I worked like the dickens in the days leading up to the departure. Stan (electrician) came by and wired in the chartplotter
(Standard Horizon CP300i), checked the alarm wiring
for the oil
pressure, hooked up the GPS
to the Icom
so that the DSC
button would transmit my MMSI number. I contacted BoatUS and made sure all my MMSI data was up to date. Put aside some history
and listed the ex as a possible contact then called her and told her. Stan and I took apart the binnacle and found out that the old compass
was built to be wired, so he rewired the compass
using data cable. It now has a gorgeous deep, gentle ruby red glow at night! OMG! What a simply fix with rich returns as I would learn during the night passage. The compass was within 3 degrees of the Standard Horizon chartplotter
and the USB GPS
plugged into the Mac Laptop
running MacENC. So Hud, there was no need to make any compass adjustments. I installed a depth
meter and he wired that into my electrical
The engine oil
was utterly gray white. I had not checked it for a while and this concerned me. The transmission
fluid was pink white. Pumped out some oil and it was heavily emulsified. Thick like molasses. Very thick. Ran the engine
on Monday and decided I had a problem. Warmed up the engine and pumped the oil out using a vacuum pump from West Marine
. Wonderful unit! Highly recommend it. Nonetheless, it took HOURS to pump the oil out -- it was so very thick. Talked to a mechanic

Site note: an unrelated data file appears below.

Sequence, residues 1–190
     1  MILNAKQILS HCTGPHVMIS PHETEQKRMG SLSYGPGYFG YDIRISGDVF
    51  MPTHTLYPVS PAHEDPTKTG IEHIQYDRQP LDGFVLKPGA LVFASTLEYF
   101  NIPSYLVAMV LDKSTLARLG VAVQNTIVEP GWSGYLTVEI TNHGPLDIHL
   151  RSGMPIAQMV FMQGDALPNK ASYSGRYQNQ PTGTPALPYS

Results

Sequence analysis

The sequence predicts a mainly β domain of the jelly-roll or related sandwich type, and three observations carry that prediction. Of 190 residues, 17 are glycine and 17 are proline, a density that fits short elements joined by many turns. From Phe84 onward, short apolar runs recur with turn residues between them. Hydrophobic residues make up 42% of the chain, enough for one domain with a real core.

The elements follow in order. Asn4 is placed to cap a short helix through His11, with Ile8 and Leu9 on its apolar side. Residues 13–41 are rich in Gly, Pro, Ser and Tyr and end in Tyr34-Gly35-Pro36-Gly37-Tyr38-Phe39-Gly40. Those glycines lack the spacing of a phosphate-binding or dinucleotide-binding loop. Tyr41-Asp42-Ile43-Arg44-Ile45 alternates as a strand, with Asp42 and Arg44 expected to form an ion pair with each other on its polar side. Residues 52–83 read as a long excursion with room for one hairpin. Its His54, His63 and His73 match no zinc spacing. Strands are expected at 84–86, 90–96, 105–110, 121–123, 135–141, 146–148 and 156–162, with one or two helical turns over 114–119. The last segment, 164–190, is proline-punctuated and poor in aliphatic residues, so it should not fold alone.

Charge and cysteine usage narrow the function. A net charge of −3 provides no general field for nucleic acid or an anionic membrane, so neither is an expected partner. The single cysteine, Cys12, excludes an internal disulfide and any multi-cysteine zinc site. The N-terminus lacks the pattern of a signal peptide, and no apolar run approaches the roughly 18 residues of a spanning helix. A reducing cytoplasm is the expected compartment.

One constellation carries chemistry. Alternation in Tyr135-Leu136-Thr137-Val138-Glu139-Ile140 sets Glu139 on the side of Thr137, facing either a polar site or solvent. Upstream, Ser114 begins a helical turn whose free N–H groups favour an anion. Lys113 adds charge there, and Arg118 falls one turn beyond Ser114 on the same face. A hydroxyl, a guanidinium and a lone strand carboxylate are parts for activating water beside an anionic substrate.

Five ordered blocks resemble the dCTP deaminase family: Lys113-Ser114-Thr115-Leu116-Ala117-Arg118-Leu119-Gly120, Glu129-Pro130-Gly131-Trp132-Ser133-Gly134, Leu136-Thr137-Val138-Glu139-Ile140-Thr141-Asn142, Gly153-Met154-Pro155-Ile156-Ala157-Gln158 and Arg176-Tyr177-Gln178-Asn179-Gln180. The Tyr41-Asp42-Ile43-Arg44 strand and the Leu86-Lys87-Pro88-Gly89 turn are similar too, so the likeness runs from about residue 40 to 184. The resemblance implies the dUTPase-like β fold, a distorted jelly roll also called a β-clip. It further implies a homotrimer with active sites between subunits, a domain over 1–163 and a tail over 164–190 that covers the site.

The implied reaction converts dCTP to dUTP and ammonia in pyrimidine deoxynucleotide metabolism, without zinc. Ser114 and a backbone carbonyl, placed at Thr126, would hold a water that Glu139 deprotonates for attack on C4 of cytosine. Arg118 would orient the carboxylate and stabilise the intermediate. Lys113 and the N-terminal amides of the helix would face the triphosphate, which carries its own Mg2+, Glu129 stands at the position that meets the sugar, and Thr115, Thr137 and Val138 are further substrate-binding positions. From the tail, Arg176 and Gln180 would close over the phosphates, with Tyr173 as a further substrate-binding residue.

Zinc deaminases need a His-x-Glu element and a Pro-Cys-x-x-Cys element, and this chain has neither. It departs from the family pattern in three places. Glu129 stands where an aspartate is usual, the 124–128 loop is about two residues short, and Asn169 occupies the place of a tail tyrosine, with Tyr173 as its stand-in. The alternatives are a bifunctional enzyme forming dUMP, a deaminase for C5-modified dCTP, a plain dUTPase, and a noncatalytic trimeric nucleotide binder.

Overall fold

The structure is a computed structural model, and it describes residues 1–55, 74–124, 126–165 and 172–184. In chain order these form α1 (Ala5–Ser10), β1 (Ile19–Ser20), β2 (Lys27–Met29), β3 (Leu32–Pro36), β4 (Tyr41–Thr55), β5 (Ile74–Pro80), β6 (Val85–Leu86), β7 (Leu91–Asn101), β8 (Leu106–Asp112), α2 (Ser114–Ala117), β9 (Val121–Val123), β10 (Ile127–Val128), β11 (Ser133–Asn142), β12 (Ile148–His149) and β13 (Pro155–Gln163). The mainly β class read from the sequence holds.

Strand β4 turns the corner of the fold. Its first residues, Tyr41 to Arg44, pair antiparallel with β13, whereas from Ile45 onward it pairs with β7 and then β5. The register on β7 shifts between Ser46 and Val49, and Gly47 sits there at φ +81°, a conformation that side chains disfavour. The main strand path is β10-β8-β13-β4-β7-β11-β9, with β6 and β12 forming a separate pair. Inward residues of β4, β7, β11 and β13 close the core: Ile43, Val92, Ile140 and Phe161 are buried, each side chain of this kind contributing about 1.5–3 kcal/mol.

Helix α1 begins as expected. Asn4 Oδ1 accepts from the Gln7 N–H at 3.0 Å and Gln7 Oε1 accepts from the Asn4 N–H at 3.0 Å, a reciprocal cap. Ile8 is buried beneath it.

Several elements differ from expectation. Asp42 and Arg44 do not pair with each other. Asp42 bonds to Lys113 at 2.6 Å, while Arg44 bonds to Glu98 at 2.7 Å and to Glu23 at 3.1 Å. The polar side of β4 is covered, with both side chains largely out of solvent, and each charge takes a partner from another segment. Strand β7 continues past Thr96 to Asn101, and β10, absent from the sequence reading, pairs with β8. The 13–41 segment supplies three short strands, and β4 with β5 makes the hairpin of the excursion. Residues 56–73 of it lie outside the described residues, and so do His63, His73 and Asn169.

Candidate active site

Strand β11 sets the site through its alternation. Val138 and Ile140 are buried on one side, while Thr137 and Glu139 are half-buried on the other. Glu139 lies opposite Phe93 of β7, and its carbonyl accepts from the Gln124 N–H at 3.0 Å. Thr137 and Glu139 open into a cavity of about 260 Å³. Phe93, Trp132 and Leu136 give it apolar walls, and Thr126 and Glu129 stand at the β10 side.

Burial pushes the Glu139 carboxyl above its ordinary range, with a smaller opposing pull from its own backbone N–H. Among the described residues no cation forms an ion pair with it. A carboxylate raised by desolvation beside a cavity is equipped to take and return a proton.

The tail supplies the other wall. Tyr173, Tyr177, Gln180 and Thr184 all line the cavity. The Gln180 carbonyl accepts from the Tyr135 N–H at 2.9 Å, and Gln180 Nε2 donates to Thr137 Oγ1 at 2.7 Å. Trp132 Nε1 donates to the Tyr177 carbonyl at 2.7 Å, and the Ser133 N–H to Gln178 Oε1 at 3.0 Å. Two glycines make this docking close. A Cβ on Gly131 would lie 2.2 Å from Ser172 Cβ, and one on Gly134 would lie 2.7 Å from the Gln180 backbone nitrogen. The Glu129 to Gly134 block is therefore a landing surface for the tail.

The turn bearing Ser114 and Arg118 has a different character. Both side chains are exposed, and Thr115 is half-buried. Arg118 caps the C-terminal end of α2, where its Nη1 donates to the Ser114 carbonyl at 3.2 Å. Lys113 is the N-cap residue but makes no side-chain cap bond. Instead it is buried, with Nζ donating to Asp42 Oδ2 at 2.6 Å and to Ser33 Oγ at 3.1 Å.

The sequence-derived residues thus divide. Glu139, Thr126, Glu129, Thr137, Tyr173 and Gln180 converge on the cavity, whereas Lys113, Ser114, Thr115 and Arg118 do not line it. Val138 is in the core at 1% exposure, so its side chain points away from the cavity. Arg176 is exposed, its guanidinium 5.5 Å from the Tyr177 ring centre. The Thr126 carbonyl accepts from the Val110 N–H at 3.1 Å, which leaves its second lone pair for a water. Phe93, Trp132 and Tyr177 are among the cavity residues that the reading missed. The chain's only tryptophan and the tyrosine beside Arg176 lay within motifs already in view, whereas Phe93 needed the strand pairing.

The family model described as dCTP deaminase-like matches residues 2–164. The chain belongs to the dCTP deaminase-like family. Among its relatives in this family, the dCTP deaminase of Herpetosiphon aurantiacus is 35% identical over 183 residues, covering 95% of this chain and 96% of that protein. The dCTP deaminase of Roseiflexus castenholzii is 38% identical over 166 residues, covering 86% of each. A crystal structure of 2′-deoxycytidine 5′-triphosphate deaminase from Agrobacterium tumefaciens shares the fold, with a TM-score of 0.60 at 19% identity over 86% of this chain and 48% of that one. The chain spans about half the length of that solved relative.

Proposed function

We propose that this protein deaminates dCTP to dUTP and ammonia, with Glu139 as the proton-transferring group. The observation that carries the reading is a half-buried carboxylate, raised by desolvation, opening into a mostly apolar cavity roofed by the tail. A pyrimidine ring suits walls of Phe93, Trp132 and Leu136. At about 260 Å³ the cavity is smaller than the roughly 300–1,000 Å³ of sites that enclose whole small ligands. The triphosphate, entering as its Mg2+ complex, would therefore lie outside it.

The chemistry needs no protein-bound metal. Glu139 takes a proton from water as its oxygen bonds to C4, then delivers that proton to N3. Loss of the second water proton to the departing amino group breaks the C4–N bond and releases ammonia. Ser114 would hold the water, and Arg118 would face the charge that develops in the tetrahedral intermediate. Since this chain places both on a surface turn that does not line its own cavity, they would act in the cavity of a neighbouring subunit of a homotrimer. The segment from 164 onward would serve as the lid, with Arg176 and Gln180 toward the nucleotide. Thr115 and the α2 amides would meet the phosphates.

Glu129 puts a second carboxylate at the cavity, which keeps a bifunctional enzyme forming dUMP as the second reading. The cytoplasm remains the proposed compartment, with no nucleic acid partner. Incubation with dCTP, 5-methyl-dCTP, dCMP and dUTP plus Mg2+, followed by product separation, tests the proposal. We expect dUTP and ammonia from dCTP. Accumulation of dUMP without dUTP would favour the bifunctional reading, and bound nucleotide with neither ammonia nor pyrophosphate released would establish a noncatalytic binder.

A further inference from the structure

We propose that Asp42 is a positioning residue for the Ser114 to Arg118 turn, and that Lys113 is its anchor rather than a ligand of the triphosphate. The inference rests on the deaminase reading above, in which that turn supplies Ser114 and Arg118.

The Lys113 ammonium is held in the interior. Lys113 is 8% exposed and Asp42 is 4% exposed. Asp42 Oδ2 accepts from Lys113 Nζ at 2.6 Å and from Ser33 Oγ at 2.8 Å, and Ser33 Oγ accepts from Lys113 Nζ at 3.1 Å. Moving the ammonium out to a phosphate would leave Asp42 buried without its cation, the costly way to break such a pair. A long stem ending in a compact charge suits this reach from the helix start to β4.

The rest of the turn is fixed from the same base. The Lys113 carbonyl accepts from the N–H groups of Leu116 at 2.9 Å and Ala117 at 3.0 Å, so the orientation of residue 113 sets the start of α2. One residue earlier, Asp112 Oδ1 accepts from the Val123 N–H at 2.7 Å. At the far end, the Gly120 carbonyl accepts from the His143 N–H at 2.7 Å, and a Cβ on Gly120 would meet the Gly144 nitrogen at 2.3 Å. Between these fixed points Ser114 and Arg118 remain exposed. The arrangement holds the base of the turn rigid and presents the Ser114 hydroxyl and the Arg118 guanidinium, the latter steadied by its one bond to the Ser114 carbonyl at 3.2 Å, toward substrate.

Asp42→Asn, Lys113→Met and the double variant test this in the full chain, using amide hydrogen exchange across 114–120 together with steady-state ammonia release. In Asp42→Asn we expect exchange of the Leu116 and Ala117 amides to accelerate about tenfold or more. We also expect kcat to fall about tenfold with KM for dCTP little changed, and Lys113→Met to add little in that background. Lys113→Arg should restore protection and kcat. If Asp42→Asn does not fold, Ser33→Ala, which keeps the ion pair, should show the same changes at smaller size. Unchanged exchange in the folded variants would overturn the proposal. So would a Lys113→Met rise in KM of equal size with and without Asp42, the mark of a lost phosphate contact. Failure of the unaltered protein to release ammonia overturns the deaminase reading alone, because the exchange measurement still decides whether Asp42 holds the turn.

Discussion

and he said to change the filter and put 3 quarts of 30 weight in and then 1 quart of ATF transmission
fluid in. I did that and ran the engine again. Over that week I cycled close to 7 gallons of engine oil and ATF fluid through the engine. The final change still gave me gray oil (instantly, without running the engine), but the consistency and feel of the oil felt better.
I decided that the engine had been neglected by Steven the previous owner AND by myself. And that what I was dealing with was a huge build up of sludge contaminated by water
from a previous steam cleaning
. The mechanic
agreed with the assessment and said "she would probably make it to San Diego
.". Believe me, these multiple oil changes took a huge time drain on my schedule. The West Marine
unit is sweet: You stick in the tube and pump it about 20X and step away. The action creates a vacuum and the unit just sucks on its own until it fills -- at which point it stops. No more vacuum, no more suck.
While I am dredging up what looked like cold molasses, I was working on a host of other things: I mounted the Plastimo Inflatable
COB Module and the Lifesling. Practiced using the 5:1 Lifesling pully system. I drilled a hole for the depth
gauge -- and learned to drill Mahagony REALLY slowly. And I resanded and refinished all the teak
and mahogony paneling in the bathroom. I wanted a gorgeous head
for the voyage. And I refinished the aft starboard cleat. I know. I was insane to refinish the head
. But I so badly wanted to smell nice smells in the head.
Was not going to get a chartplotter -- but I was so annoyed that a decent refurbished GPS at getfeetwet.com was going to run me about 200-300 bucks, that I started researching plotters. Settled on the Standard Horizon CP300i. Why? Step-in price
point. West Marine was willing to match an internet price
. So for 650$, I got a decent plotter with GREAT resolution, landscape orientation (worth the price alone!) built-in GPS antenna
compatibility (SiTex works), AIS
capable with my unit, and a digital depth sounder
capable. And NMEA
outputs. And DVD
inputs. And a 3 year waterproof warranty. Garmin
cannot touch that for 650. They just cannot. Of course, Stan nor anyone else at WM agreed with my initial assessment "Its a POS Mike!!" but I made my own call anyways. Yes, the CP300i mount is a POS. It is wiggly and weak. The unit ought to flush mounted. But for 650? It was worth it to me. I loved the unit on the trip. I think a comparable Raymarine
product would have cost me easily 1200 bucks more.
Got an inverter
wired into the boat too. I was all worried about the inverter